I do not plan to return to my critique ofChevaliers de la Table ronde[Knights of the Round Table], intelligently directed by François Chatel, except to develop one of the thoughts that this show, though disappointing, inspired in me.¹ It is extremely difficult to translate to television the conventions that produce theatrical magic.

      Whatever we may think of the mise-en-scène of this Jean Cocteau play, at least one thing went irreparably wrong —the costumes. Not that they were objectively ugly or poorly designed with respect to the style of the work, but they failed probably because they were conceived...

    • 16 Art on Television: A Program That Loses on All Counts
      (pp. 95-98)

      It pains and troubles me to come down hard on an obviously ambitious program on an artistic subject, directed by a cultured, intelligent, and conscientious man, and produced from a challenging angle for a medium as popular as television. If I have decided to go ahead, it is because I am reproving not only the latest show by J.-M. Drot, but, retroactively, and through these “Problèmes d’un jeune artiste d’aujourd’hui,” the already prolific seriesL’Art et les hommes[Art and mankind].¹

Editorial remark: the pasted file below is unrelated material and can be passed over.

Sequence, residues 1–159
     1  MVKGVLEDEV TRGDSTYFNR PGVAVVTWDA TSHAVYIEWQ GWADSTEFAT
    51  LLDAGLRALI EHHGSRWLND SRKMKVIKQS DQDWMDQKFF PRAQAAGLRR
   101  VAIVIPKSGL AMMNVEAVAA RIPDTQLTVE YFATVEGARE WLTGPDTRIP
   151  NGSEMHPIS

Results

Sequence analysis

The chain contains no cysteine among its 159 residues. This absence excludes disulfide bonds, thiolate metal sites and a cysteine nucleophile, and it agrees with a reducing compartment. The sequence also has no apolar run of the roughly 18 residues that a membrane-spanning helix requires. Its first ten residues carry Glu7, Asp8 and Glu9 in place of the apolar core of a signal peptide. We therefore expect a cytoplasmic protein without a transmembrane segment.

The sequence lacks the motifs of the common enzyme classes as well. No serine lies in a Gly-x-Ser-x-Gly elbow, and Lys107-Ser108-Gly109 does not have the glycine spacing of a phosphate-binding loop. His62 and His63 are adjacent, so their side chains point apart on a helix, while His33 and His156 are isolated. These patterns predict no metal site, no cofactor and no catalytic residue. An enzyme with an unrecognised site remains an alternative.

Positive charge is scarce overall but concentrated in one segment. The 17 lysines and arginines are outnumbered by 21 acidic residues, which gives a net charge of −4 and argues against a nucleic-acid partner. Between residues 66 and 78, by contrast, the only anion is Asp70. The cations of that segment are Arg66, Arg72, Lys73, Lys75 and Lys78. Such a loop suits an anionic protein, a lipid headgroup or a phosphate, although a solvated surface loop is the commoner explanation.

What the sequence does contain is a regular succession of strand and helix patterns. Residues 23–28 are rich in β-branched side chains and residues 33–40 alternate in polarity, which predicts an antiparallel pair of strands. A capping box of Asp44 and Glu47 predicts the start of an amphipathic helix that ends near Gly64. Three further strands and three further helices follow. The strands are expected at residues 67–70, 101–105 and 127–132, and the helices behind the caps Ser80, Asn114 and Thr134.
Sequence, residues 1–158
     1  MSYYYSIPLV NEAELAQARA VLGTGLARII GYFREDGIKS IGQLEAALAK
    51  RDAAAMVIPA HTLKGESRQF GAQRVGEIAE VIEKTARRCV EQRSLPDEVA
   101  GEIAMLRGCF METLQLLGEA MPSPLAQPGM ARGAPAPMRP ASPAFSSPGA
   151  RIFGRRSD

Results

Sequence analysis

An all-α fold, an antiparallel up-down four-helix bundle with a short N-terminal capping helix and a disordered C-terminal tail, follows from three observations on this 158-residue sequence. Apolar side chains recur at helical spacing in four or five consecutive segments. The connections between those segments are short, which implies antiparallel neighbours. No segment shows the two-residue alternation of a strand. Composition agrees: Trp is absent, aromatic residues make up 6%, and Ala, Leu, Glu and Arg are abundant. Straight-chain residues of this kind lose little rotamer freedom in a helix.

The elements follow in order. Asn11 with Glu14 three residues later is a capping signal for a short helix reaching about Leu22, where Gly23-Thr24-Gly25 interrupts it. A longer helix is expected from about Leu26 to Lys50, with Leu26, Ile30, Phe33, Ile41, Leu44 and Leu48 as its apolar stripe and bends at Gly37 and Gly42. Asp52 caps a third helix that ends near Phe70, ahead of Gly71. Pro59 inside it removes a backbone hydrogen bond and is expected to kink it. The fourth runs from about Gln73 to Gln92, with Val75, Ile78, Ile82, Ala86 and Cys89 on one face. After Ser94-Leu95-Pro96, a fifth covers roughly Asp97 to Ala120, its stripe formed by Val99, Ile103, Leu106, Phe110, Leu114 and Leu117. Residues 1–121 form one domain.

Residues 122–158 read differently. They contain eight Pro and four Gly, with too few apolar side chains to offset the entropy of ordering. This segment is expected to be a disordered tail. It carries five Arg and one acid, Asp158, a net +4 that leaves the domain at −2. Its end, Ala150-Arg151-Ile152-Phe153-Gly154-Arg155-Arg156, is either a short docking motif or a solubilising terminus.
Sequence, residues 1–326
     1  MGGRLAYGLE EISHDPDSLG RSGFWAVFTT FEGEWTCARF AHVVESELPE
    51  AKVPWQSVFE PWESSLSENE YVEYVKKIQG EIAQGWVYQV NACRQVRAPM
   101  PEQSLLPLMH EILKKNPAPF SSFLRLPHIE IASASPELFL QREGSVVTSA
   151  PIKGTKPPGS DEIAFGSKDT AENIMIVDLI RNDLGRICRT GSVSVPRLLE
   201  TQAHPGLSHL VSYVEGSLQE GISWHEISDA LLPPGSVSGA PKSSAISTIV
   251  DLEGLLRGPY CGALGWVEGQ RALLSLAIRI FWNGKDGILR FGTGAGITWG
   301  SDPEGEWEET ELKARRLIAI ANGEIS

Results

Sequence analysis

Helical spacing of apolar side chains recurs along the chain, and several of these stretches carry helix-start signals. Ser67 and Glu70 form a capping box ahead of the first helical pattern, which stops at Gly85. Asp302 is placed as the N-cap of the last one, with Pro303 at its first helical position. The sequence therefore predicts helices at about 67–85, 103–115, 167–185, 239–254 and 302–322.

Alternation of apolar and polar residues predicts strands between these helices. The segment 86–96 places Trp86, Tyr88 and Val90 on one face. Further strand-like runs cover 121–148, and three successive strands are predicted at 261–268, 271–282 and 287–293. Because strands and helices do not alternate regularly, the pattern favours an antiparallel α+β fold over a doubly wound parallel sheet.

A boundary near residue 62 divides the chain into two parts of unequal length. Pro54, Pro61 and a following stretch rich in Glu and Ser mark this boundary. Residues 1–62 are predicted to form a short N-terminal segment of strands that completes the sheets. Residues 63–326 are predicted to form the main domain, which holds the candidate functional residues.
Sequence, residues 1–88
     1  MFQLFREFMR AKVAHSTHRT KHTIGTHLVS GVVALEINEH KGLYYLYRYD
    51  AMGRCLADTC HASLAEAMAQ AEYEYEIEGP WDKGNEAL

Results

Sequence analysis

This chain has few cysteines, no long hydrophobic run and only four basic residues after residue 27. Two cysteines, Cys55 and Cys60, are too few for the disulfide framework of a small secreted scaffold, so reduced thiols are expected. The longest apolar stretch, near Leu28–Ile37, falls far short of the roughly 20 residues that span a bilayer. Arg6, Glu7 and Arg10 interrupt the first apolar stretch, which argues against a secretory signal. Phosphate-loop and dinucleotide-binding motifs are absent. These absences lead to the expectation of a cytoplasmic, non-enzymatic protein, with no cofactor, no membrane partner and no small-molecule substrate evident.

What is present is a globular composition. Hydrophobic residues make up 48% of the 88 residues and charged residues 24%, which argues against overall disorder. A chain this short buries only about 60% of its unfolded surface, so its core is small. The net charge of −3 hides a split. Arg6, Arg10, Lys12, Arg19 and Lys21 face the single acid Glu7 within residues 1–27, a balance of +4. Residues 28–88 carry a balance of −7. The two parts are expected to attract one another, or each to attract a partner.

For a TV system like France’s, with but a single channel and limited airtime, the essential problem of programming...

    • 17 Reporting on Eternity: TV Visits the Musée Rodin
      (pp. 99-102)

      Stellio Lorenzi’s “Visite au Musée Rodin” [Visit to the Musée Rodin] constitutes one of those rare programs in which you can experience the new thrill of “pure television.”

      As with pure poetry of course, television’s grace is bestowed only on those who earn it, first of all, by honestly serving their subject.¹ The exceptional qualities of Stellio Lorenzi’s program are perfectly definable. We can easily imagine the splendid film for which this TV visit to the Musée Rodin might serve as something like the dress rehearsal.² The auteur threw himself into his subject, coming up with a preliminary layout that...


    • 18 A Contribution to an Erotologie of Television
      (pp. 105-115)